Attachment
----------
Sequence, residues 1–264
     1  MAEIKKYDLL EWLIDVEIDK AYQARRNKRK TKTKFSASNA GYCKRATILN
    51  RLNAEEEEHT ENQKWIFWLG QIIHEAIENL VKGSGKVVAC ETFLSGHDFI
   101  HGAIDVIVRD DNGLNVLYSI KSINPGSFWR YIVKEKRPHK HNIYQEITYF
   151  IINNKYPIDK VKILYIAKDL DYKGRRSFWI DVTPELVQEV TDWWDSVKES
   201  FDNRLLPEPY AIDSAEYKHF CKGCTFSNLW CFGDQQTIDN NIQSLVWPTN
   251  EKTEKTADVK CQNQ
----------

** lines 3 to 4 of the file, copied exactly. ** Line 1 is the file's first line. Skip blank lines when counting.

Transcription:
    51  RLNAEEEEHT ENQKWIFWLG QIIHEAIENL VKGSGKVVAC ETFLSGHDFI
   101  HGAIDVIVRD DNGLNVLYSI KSINPGSFWR YIVKEKRPHK HNIYQEITYF